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The Slott Report

How to Avoid Taxes With an Outstanding Loan in Ex-Employer 401(k) Plan

Let's say that your employer's 401(k) plan allows you to take a loan against part of your 401(k) balance (generally the smaller of half of your vested balance or $50,000). You decided to take a loan and you’ve been repaying it by having it taken out of your paycheck. But now, you no longer work for that employer. Perhaps you retired, or voluntarily switched jobs, or maybe you were laid off. We explain how to navigate this scenario.

Slott Report Mailbag: Roth Conversions and Recharacterizations Leave This Reader Confused

IRA and retirement planning questions
This week's Slott Report Mailbag looks at IRA beneficiary language and procedures as well as Roth conversions and recharacterizations, a topic we cover heavily in Ed Slott's 2014 Retirement Decisions Guide. Click to read a Q&A with our IRA Technical Expert.

Gifting-During-Life Strategy: Does It Make Sense for YOUR Family?

When it comes to estate planning, one of the primary goals is to transfer as much of a person's assets to their intended beneficiaries at the lowest cost or, in other words, by paying the least amount of tax. Today, the federal estate tax exemption is $5,340,000 per person. It is also portable (can be transferred) between spouses, giving them a maximum exemption of $10,680,000 per couple and the maximum rate is 40%. That is a far cry from where we’ve been.

IRS Dirty Dozen Tax Scams During Tax Season

IRS has released its annual list of the “Dirty Dozen” tax scams just in time for you to try and avoid them during their peak tax season. Beware of these scams and check back here for Tax Planning Week through Friday.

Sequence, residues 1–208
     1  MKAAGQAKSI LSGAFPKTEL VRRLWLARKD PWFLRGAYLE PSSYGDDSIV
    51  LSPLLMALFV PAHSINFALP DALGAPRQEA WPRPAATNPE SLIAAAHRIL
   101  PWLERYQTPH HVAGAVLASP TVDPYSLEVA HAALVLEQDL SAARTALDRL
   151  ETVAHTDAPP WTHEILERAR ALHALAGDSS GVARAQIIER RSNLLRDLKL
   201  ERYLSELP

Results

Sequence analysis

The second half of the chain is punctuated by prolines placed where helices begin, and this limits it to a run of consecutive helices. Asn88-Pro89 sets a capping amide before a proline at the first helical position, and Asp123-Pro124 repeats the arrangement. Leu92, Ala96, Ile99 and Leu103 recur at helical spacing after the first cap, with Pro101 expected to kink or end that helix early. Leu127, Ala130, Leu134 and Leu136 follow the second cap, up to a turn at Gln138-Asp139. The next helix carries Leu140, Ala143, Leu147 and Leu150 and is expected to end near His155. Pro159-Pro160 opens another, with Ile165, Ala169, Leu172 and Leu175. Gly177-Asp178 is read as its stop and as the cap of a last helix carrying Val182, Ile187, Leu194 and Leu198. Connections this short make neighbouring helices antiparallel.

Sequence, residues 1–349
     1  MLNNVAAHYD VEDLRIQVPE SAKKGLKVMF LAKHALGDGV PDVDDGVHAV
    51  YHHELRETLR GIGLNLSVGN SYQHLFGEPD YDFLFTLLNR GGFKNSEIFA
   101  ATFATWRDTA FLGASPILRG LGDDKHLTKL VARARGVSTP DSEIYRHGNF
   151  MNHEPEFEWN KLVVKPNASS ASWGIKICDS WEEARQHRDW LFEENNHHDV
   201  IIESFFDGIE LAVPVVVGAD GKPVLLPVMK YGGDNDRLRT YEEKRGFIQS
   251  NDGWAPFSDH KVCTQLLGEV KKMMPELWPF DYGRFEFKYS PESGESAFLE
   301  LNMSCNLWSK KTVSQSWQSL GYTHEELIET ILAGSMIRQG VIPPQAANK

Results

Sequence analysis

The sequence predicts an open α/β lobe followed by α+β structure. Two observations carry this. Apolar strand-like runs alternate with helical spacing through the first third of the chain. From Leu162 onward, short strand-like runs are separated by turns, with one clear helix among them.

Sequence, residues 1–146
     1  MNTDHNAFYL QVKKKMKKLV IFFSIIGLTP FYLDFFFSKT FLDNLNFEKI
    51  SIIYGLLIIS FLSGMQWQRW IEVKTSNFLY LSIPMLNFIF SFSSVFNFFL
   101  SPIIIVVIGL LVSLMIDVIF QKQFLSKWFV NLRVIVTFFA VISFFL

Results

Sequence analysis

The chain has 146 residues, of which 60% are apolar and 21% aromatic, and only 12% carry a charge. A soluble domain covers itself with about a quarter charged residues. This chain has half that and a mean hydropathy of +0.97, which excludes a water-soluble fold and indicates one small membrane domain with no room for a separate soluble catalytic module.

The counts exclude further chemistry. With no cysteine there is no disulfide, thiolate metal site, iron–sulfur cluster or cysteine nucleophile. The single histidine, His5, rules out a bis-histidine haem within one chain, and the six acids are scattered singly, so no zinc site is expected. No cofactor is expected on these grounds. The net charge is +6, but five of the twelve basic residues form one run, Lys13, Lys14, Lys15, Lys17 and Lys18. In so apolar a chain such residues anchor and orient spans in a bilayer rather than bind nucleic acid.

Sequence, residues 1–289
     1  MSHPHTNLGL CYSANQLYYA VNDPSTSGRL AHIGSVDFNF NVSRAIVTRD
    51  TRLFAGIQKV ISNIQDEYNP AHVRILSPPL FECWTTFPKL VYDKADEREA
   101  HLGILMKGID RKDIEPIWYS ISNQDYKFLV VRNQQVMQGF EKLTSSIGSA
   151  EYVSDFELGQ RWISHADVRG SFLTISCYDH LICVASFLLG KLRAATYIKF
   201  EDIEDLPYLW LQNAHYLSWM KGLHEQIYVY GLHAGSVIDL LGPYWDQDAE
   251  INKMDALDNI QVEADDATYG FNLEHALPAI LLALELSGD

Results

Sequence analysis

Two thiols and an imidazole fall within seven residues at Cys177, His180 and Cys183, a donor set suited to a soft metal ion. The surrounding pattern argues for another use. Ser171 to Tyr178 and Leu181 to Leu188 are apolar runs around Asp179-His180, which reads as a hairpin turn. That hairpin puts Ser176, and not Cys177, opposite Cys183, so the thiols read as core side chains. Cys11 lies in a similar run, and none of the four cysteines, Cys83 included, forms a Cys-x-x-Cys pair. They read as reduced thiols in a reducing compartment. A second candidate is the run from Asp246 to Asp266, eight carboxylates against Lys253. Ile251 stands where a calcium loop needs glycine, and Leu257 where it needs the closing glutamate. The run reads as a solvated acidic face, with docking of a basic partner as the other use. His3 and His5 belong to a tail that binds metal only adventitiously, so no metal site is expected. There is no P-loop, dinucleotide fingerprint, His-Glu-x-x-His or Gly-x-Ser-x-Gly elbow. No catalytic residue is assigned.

Disadvantage of Using Your Roth IRA for Higher Education Expenses

While Roth IRAs should ideally be used for retirement, the fact that you have unrestricted access to your Roth IRA basis allows you to take a distribution at any time for any reason. Maybe you’re planning on going back to college or graduate school, but you don’t want to go in debt to pay for it. However, if you’re planning on using your Roth IRAs to pay for higher education expenses, there is a big disadvantage you need to know about before you do so. Click for more information.

Tax Planning Week - Tips, Trends, Essential Information About Your Tax Planning

Welcome to Tax Planning Week at The Slott Report - a week where each of our experts verse all of us in one issue they feel is extremely important as you organize your paperwork and hop on TurboTax or send it off to the local CPA. Click for more Tax Planning information.

Slott Report Mailbag: How Do These Roth IRA 5-Year Rules Work?

The Slott Report Mailbag is full of inquiries on one of our most discussed topics, the Roth IRA 5-year rules, as well as a question that came from our Wednesday article on where you report your 2013 Roth IRA contributions on your tax return (hint: nowhere!). Click for this week's Q&A with our IRA Technical Expert.

Roth IRA Contributions: Don't Report on Tax Return, But Do Keep Track

If you made a Roth contribution for 2013 and are now preparing your tax return, you may be wondering where to report it. Chances are, however, that if you’ve been looking, you’ve been looking for a while. It’s very difficult to find where these contributions are reported. Actually, truth be told, it’s impossible.

Rolling Over Company Retirement Plan Money You Get in a Divorce

If you are in the midst of getting a divorce or you're already divorced, you might be awarded some or all of your ex-spouse's company retirement plan funds, such as a 401(k) plan, as part of the property settlement. If so, there are a few things you need to know before you get those funds. We detail these below.

Learn From the Retirement Planning Mistakes of Others

This week there were five private letter rulings (PLRs) issued by IRS that dealt with IRA issues. Don’t let these problems happen to you or to your clients! Click to learn more about these rulings.
 

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